The Pentagon will recommend joining elements of different branches of the armed services on some military bases when it announces proposed base closings in upcoming days, defense officials say.
As part of its “joint” forces concept, the Pentagon thinks that having the Army, Air Force, Navy and Marines share facilities will reduce costs and improve “combat effectiveness.”
Michael Wynne, undersecretary of defense for acquisition in charge of the base closure plan, said the proposed changes were guided by military “interrelationships, jointness and transformation.”
Defense officials, who expect the proposed domestic base closures, shifts and changes to be made public by Monday, said bases selected for closure were picked based on “military value” and that no target number was established.
“What we’ve tried to do in many ways is … ask ourselves questions about whether our military infrastructures sufficiently support the war fighter as opposed to simply looking at solely the mission of only one service,” said Phil Grone, a second Pentagon official.
The closure list is the first base cutback to reflect the views of Defense Secretary Donald H. Rumsfeld, who wants to transform the U.S. military into more streamlined, easier-to-deploy forces.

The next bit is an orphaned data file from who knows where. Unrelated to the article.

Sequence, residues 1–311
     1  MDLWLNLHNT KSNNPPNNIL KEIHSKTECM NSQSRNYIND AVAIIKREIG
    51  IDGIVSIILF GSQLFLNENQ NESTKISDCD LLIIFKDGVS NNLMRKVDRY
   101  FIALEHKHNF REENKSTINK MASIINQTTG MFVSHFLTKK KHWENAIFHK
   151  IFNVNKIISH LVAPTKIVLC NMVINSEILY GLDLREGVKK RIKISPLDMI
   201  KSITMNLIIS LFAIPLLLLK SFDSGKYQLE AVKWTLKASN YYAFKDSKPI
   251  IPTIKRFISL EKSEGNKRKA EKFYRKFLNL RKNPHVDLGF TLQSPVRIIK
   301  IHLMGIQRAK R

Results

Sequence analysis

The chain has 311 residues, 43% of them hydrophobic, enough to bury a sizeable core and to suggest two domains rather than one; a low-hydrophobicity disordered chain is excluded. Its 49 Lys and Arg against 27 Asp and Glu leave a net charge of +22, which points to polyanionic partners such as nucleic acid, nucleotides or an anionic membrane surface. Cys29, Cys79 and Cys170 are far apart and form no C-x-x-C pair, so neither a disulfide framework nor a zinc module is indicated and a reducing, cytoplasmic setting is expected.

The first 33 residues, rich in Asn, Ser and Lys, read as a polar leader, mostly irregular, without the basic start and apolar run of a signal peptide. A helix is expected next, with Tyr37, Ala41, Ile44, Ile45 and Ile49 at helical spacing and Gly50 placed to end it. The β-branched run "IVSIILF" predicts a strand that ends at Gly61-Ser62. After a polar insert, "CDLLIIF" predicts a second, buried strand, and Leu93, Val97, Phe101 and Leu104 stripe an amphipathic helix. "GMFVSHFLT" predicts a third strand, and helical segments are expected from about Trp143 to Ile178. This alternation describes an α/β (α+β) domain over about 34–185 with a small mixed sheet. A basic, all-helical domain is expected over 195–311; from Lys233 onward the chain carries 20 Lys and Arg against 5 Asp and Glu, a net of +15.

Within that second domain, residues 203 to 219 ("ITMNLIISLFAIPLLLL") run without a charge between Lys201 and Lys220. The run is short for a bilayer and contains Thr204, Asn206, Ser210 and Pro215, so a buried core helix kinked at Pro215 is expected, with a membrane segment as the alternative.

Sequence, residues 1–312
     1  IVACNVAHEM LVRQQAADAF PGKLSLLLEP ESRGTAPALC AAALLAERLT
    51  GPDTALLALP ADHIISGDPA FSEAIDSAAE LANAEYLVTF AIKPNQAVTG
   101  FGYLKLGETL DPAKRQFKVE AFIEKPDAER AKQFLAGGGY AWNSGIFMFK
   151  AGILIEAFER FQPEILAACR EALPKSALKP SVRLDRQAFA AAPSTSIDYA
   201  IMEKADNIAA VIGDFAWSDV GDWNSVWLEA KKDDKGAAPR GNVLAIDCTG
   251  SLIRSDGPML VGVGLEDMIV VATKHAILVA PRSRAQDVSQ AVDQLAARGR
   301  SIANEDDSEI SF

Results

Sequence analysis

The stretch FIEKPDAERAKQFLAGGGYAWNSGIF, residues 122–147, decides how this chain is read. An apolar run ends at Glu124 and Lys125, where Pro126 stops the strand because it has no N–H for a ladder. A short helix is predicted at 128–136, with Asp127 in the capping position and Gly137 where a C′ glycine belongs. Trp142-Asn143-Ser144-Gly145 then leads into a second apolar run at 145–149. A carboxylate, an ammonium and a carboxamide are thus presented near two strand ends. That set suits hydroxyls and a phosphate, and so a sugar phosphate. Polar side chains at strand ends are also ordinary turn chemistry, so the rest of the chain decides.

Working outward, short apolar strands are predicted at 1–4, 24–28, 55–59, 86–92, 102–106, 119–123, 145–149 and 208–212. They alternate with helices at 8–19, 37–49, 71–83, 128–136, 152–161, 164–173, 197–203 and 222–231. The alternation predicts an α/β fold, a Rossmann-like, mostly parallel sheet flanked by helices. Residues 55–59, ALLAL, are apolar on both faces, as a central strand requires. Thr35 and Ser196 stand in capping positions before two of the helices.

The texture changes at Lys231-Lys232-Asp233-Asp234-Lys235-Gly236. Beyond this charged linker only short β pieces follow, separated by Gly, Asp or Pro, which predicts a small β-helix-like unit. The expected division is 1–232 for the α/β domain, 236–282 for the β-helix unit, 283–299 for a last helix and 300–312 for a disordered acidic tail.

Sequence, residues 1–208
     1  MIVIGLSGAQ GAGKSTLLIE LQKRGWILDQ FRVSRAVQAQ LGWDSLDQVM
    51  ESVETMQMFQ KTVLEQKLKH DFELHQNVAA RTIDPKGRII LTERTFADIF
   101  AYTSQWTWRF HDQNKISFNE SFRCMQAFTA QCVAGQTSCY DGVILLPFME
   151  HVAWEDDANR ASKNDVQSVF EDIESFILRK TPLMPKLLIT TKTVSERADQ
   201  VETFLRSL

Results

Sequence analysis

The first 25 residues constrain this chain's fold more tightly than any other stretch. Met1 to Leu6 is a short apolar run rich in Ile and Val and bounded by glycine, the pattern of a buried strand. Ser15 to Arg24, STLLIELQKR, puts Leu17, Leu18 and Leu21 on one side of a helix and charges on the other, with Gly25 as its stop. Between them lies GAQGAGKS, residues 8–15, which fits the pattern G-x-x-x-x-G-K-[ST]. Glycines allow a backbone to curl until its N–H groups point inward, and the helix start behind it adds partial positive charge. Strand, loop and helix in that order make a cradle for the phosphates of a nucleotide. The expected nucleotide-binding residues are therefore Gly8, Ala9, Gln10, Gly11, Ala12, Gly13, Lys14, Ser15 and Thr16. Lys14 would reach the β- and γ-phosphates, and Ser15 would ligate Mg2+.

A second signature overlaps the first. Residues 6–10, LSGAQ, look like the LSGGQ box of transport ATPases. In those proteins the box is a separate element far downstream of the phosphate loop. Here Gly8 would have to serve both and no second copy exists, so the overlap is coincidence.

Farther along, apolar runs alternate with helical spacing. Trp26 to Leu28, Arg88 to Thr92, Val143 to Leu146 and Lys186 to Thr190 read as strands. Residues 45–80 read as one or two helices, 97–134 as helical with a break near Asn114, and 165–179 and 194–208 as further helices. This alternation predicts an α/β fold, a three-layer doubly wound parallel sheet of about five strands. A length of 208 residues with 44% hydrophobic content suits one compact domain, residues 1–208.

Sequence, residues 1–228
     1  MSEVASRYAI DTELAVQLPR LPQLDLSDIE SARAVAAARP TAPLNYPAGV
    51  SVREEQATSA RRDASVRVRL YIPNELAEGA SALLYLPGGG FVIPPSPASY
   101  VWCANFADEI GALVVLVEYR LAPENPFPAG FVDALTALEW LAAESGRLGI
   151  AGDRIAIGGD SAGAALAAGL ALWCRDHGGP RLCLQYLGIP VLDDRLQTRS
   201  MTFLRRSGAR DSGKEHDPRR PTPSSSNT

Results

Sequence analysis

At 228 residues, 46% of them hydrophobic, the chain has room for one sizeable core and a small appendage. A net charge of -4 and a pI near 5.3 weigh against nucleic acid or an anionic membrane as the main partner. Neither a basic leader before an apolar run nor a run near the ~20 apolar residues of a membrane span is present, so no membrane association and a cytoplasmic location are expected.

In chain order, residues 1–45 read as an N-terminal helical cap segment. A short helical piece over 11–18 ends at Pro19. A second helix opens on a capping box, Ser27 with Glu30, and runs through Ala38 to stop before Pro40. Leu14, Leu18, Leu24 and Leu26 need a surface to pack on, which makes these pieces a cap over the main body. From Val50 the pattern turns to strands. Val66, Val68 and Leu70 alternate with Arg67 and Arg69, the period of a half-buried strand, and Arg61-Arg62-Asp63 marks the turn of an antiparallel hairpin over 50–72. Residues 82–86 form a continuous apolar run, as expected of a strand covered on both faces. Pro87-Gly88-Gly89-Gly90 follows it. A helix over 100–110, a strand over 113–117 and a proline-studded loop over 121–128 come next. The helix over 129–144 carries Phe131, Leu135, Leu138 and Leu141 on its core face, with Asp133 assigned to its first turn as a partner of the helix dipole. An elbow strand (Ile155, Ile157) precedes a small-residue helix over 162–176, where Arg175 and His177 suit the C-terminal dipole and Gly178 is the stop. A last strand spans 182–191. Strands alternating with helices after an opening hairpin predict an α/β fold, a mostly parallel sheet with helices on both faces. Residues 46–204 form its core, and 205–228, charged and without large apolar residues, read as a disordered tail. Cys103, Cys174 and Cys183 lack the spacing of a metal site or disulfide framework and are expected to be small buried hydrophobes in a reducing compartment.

Pentagon spokesman Larry DiRita said that the goal of the base restructuring is to cut from the estimated 20 percent to 25 percent of “excess capacity” in military bases.
The billions of dollars saved will be used to modernize weapons, improve the infrastructure and quality of life for troops and improve military preparedness, the Pentagon says.
The Pentagon says the four Base Realignment and Closure (BRAC) rounds since 1988 cut roughly 20 percent of Pentagon bases, about 235, producing a savings of about $17.7 billion through 2001. Recurring savings after 2001 are estimated to be $7.3 billion annually.
The military maintains 425 bases in the United States, plus 70 bases in foreign countries. Additionally, the Pentagon operates 3,535 small facilities in the United States. Pentagon officials say all facilities were considered under the latest round of closings.
Operations such as Andrews Air Force Base in Maryland, which the president uses for travel, and Vandenberg Air Force Base in California, where parts of the new U.S. strategic missile defense system is deployed, are considered unlikely to be closed.
As in the past, base closings have triggered fierce lobbying by local officials and members of Congress who seek to prevent the closures and the loss of jobs and money to local communities with bases. Governors from New York to California have lobbied the independent BRAC panel, which will review Mr. Rumsfeld’s plan, not to cut bases in their states.
The domestic base restructuring will coincide with Pentagon plans to shift U.S. bases overseas as part of a global force posture review. U.S. troops and forces are being cut in Europe and in South Korea.
The new overseas force structure calls for setting up several strategic “hubs” — centralized bases — in key locations around the globe that would be used for the rapid deployment of military forces for events ranging from war to humanitarian relief work.